Figure 4 shows temperature dependence of the PL intensity at 1.54 μm for SOI samples of different Er volume concentrations and same O:Er ratio of 1. Photoluminescence quenching with temperature is observed and is largely independent of the Er dose. Previous PL results from Er:Si samples fabricated using the dislocation engineering approach6 have shown a reduction/elimination/reversal of the thermal quenching in both bulk silicon and SOI substrates24,56. The dislocation engineering approach uses the controlled introduction of dislocation loops, usually formed by boron implantation followed by thermal annealing, to provide carrier confinement and reduce or eliminate non-radiative recombination, thus enhancing the radiative recombination. This approach, combined with the optimized erbium and oxygen codoping, could offer a route to Er doped silicon emitters operating at higher temperatures.
In summary, we have designed, fabricated and characterized O:Er doped SOI samples at the wavelength of 1.54 μm. The results show that optical response is critically determined by the amount and ratio of erbium and oxygen present in the sample. The most intense photoluminescence peak is obtained in samples having equal ratio of erbium and oxygen. This indicates that the substitutional site for the singly coordinated case has the most favourable crystal field splitting. These data reveal very promising prospects for realization of light sources, optical amplifiers, silicon nanophotonics and other emerging applications in silicon.
N-type SOI wafers (100) with resistivity of 10 Ωcm, top silicon layer of 2 μm and buried oxide layer of 2 μm were implanted to achieve Er volume concentrations in the 1018–1020 cm−3 range. Multiple implant erbium energies at 1.50, 1.00, 0.65, 0.40 and 0.25 MeV were used to provide an essentially uniform erbium profile to a depth of about 0.5 μm. The implanted Er doses and energies used to obtain a flat 1019 Er cm−3 volume concentration are listed in Table 1. Subsequently multiple energy implants of oxygen at 15, 45, 100 and 200 keV were made to match the erbium profile. The oxygen doses were chosen to correspond to O:Er ratios of 0.8, 1, 1.5, 2, 2.5, 3, 5 and 7 and are listed in Table 1 for the 1019 O cm−3 concentration. The other Er and O implanted doses can be obtained by direct multiplication of the values shown in Table 1 - the same implant energies were used for all samples. These implantation parameters, suggested by SUSPRE60, were used to suitably form a flat Er/O profile, thus ensuring good uniformity and matching of implant concentration along the depth of the implants. After the oxygen implantation, all samples were annealed in nitrogen ambient at 900 °C for 2 minutes to repair the lattice damage and to optically activate the Er/O.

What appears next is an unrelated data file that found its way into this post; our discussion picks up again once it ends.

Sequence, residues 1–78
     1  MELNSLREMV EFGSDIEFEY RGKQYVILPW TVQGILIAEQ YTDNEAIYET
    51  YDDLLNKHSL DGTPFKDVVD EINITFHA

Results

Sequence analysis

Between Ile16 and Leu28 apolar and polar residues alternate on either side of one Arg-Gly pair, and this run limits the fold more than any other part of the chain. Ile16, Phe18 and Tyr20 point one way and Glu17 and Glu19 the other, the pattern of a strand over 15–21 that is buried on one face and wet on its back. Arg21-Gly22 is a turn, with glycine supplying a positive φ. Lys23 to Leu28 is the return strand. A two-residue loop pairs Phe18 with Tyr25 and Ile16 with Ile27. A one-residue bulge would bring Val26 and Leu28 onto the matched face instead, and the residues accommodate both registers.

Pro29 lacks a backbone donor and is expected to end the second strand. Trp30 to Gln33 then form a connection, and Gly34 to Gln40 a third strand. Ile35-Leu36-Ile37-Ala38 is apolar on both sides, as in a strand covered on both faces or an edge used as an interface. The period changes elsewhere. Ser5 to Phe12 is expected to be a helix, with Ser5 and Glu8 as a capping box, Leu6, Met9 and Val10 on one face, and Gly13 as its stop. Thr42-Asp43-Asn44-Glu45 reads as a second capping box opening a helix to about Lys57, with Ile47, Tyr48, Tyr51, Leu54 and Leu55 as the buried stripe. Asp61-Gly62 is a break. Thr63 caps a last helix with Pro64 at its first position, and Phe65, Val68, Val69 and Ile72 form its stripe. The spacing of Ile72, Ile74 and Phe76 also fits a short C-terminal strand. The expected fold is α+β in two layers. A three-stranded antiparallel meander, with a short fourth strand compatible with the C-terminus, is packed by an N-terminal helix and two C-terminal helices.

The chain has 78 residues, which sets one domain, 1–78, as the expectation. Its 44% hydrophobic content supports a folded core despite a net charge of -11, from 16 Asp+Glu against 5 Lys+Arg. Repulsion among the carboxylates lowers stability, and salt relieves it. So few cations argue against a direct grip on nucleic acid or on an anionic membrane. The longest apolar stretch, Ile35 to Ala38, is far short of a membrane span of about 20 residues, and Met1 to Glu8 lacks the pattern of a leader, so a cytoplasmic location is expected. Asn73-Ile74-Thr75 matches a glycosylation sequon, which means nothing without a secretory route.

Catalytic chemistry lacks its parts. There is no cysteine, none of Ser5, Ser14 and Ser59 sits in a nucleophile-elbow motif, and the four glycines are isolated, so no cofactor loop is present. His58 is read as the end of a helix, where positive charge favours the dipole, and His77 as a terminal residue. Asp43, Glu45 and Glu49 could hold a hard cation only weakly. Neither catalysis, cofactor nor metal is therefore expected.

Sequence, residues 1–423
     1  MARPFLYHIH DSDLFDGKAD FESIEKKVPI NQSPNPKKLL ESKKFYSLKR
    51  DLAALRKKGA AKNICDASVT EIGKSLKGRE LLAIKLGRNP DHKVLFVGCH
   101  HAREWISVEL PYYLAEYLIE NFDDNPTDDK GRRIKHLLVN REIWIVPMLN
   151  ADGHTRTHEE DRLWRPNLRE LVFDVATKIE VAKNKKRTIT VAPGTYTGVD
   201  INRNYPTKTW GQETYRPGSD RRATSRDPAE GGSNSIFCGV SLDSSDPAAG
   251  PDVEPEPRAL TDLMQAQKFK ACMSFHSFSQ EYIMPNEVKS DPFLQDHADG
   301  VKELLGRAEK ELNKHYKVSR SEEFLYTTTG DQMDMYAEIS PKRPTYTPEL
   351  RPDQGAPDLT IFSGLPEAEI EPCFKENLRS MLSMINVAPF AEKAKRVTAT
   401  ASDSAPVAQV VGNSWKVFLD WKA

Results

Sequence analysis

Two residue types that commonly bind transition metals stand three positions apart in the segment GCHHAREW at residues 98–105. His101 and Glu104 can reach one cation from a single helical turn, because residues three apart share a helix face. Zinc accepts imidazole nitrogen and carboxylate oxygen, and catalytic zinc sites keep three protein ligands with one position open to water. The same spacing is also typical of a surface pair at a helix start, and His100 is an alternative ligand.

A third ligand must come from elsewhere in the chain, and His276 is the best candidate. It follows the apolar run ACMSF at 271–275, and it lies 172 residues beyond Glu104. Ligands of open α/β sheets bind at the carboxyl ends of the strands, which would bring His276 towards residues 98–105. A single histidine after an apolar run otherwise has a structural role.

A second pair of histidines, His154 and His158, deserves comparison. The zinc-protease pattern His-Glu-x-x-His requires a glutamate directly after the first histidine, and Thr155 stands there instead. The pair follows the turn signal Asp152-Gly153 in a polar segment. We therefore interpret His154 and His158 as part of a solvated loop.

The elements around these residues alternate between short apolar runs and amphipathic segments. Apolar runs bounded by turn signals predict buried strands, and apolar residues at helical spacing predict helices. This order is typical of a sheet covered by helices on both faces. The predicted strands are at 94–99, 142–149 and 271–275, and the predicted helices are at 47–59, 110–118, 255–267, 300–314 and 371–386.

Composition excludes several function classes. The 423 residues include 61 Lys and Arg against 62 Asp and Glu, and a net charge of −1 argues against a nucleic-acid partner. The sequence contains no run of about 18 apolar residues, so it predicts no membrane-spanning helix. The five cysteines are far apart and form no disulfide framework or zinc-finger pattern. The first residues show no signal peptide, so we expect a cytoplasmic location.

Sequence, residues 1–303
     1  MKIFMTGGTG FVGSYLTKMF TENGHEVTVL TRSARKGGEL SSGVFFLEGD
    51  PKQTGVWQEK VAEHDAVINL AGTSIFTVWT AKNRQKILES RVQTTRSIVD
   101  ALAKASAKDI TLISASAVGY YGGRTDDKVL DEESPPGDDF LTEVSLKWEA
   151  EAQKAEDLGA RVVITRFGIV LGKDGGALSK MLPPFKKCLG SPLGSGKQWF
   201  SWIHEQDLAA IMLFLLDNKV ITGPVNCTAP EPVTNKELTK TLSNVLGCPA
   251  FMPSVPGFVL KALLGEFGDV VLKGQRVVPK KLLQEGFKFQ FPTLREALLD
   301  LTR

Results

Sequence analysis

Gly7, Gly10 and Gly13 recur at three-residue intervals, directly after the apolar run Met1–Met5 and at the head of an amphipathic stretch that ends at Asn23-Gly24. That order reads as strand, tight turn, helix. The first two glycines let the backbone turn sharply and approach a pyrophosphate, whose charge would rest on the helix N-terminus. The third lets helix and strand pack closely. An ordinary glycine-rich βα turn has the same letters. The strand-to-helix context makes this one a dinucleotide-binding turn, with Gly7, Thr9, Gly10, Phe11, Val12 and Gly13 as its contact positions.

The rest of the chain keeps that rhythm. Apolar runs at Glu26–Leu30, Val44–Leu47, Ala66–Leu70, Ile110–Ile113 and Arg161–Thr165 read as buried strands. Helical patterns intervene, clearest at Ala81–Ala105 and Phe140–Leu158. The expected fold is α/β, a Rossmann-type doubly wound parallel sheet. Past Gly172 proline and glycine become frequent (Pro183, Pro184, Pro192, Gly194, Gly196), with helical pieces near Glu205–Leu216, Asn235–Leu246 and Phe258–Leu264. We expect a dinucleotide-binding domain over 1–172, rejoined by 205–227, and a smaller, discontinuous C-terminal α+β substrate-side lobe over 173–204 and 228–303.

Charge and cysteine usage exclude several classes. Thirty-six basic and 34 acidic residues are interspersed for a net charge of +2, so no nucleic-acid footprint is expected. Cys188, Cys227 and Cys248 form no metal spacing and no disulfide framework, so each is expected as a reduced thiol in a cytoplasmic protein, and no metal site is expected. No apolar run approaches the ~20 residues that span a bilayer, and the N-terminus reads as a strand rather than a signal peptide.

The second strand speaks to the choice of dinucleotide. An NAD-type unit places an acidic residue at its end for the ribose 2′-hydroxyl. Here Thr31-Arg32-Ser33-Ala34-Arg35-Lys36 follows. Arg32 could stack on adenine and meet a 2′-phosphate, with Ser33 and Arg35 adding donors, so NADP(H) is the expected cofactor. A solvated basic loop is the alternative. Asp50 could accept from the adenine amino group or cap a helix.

Photoluminescence measurements were performed in the temperature range of 80–300 K across the 1.0–1.7 μm spectral region using a liquid-nitrogen-cooled Ge detector. Samples were mounted in a continuous flow liquid-nitrogen-cooled cryostat and excited by a 532 nm laser line at a power density of 100 mW/mm2. The quantum efficiency was obtained by direct comparison of the PL intensity with a calibrated standard sample measured under identical experimental conditions.
How to cite this article: Lourenço, M. A. et al. Super-enhancement of 1.54 µm emission from erbium codoped with oxygen in silicon-on-insulator. Sci. Rep. 6, 37501; doi: 10.1038/srep37501 (2016).
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We acknowledge the European Research Council for financial support under the FP7 for the award of the ERC Advanced Investigator Grant SILAMPS 226470 and the Royal Society UK for the award of the 2015 Brian Mercer Award for Innovation.